Projects per year
This prospective controlled study examined long-term trajectories of neuropsychological performance in individuals with traumatic brain injury (TBI) compared to healthy controls, and the impact of IQ, age at injury, time since injury, and injury severity on change over time. Fifty-three individuals with moderate to severe TBI (60.37% male; M = 59.77 yrs, SD= 14.03), and 26 controls (46.15% male; M = 63.96 yrs, SD= 14.42) were studied prospectively (M = 12.72 yrs between assessments). Participants completed measures of premorbid IQ (Weschler Test of Adult Reading), processing speed (Digit Symbol Coding Test), working memory (Digit Span Backwards), memory (Rey Auditory Verbal Learning Test) and executive function (Trail Making Test Part B; Hayling Errors), at a mean of 10.62 yrs (Initial) and 23.91 yrs (Follow-Up) post injury. Individuals with TBI did not show a significantly greater decline in neuropsychological performance over time compared with demographically similar controls. There was no association between change over time with IQ, time since injury or injury severity. Being older at injury had a greater adverse impact on executive function at follow-up. In this small sample, a single moderate to severe TBI was not associated with ongoing cognitive decline up to three decades post injury. Changes in cognitive function were similar between the groups and likely reflect healthy aging.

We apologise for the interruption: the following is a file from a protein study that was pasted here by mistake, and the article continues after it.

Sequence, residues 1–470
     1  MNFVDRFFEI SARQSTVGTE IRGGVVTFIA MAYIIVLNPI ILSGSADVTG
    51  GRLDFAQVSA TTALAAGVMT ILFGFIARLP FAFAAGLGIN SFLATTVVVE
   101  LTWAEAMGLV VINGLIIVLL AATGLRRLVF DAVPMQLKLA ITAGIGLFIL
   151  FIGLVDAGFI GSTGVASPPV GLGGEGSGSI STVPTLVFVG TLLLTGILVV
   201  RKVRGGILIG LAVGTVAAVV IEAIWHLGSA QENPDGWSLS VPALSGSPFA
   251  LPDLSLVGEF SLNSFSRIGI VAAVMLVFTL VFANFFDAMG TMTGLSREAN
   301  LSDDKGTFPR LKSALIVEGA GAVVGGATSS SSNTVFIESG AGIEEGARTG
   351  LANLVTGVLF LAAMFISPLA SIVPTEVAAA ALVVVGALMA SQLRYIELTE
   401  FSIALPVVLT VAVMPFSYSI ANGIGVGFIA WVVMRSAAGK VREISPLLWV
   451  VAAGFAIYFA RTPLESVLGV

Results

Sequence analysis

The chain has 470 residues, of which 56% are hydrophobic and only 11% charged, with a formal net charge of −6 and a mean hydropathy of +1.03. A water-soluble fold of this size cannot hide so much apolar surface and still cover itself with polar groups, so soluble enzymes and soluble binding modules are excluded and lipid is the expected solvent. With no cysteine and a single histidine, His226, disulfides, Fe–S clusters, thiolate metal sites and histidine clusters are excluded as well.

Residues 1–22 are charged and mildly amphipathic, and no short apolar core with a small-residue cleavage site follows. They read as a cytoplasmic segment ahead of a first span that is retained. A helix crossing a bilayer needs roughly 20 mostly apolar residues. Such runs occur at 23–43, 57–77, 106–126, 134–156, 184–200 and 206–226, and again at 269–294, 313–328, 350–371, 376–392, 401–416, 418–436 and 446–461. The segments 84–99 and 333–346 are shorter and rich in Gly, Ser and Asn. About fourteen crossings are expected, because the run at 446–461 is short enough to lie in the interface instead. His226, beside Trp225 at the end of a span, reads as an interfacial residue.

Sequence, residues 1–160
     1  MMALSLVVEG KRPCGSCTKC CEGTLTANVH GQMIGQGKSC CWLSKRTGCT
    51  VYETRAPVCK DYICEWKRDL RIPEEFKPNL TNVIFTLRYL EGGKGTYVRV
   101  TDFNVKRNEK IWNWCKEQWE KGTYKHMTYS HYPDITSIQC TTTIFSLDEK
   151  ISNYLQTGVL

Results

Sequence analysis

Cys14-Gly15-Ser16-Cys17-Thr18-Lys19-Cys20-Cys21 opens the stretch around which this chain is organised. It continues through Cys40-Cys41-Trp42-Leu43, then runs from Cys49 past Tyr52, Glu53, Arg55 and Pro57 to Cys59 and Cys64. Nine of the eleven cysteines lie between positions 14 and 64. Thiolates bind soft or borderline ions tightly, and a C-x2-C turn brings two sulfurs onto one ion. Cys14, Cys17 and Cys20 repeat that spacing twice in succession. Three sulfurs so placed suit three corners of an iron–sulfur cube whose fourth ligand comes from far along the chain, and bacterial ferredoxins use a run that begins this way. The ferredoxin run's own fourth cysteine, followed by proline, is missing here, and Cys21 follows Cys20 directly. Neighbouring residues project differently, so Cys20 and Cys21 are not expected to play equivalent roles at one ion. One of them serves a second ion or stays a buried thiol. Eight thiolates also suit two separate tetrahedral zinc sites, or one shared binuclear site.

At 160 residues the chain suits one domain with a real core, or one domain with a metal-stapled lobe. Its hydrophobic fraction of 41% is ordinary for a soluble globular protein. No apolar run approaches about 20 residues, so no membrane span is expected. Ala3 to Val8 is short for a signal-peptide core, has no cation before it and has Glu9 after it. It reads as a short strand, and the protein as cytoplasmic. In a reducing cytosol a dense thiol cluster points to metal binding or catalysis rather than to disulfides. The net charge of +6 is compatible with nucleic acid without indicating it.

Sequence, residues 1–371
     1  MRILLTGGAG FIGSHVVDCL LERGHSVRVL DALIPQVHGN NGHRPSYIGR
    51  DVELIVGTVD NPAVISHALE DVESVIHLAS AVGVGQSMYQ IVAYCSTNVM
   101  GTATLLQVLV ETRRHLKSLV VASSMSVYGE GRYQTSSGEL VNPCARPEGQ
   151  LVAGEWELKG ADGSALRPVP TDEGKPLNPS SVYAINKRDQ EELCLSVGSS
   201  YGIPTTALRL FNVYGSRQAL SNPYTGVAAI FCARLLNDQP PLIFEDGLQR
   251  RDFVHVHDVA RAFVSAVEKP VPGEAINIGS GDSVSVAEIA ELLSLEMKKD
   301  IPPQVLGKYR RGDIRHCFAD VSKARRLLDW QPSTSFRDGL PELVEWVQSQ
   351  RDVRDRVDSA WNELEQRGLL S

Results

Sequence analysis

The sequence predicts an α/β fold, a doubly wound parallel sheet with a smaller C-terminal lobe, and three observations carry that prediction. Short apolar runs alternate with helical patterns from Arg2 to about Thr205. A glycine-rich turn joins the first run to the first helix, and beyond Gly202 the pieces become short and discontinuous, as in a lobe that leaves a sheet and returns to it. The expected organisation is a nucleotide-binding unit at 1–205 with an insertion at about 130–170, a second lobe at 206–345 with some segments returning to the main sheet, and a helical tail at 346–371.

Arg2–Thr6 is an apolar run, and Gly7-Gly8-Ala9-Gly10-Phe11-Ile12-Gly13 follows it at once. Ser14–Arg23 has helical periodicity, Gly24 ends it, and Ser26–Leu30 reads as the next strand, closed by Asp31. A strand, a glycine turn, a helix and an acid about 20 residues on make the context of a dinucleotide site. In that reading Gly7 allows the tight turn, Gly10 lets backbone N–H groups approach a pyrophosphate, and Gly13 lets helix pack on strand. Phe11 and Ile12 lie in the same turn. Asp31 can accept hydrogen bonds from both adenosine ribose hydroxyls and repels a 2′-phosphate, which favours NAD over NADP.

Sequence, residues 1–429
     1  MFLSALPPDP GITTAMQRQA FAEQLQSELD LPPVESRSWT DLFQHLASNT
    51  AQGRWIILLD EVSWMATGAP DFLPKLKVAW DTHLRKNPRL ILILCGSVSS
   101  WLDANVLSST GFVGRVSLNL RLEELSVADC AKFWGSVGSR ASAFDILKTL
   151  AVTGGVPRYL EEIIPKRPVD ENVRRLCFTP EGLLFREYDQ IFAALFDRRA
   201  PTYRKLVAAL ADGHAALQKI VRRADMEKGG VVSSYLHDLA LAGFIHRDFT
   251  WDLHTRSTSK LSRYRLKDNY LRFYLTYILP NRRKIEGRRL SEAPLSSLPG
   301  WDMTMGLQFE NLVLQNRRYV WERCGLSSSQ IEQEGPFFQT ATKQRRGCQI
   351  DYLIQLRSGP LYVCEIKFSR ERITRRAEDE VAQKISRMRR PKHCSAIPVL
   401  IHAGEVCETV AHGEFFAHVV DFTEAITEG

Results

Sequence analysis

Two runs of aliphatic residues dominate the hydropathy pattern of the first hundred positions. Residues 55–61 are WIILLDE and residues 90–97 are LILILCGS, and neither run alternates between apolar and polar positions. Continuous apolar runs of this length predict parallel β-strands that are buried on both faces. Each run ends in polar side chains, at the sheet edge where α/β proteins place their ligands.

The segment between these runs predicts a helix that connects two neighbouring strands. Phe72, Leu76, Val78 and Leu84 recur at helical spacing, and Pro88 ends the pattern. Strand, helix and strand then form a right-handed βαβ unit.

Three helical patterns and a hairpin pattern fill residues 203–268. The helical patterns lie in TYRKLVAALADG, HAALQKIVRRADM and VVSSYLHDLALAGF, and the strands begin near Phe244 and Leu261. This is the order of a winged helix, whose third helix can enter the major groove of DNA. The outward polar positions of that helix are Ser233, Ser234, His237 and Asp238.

- cognitive decline
- Traumatic brain injury
- 1 Finished
Traumatic Brain Injury, Post Traumatic Stress Disorder and the Risk of Neurodegenerative Disease: a study of tau and beta-amyloid accumulation, brain structure and function several decades after injury.
Rowe, C. C., McCrory, P., Ponsford, J., O'Donnell, M. L. & Hopwood, M.
1/01/17 → 31/12/19